The weekend news cycle, dominated by the fallout from President Trump’s travel ban, focused, in part, on those stranded in and protesting at airports across the United States.
Planes and airports have long fascinated writers and readers alike. To follow, a list of titles about air travel, linked to their Booklist reviews when possible.
Biggles Defies the Swastika, by Captain W. E. Johns
In 1942 book, R. A. F. Captain Biggles—star of 95 other novels for boys—escapes Nazi-occupied Norway with false papers, steals a German plane, then goes on to have adventures.
The Skies Belong to Us: Love and Terror in the Golden Age of Hijacking, by Brendan I. Koerner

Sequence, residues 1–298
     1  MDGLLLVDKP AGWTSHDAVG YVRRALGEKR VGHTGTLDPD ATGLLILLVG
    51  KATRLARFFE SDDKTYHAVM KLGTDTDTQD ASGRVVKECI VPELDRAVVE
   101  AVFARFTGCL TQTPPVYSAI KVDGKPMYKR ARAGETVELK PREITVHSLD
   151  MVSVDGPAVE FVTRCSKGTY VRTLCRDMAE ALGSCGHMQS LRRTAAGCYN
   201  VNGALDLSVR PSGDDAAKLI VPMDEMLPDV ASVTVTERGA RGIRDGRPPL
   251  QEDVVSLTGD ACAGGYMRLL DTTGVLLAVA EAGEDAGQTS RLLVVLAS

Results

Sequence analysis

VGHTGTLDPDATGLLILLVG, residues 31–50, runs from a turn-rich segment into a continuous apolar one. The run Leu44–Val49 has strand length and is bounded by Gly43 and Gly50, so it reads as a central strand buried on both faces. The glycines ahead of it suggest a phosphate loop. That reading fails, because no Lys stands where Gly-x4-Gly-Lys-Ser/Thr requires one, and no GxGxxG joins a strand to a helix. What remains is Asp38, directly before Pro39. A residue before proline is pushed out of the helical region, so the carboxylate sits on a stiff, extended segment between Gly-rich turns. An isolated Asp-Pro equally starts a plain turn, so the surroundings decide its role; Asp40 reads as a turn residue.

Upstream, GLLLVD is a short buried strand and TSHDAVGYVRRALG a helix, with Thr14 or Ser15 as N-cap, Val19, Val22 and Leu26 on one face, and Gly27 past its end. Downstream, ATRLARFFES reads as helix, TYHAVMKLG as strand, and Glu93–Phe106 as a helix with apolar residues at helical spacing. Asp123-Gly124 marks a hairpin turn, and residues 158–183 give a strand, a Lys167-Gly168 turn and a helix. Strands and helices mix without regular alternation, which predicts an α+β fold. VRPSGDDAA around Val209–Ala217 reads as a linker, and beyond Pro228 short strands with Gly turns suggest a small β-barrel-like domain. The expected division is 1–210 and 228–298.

In 1972, six years before Brian Eno released Music for Airports, a young American couple hijacked a plane and embarked upon a radical-chic adventure that helped change flying forever. This spectacular work of narrative nonfiction, unlike any other I’ve read, is so well-written that it makes even history of the TSA entertaining.
Up in the Air, by Walter Kirn
Later made into a film with George Clooney, this satiric paean to business travel concerns a man preoccupied with accruing one million air miles—at the expense of other people’s jobs.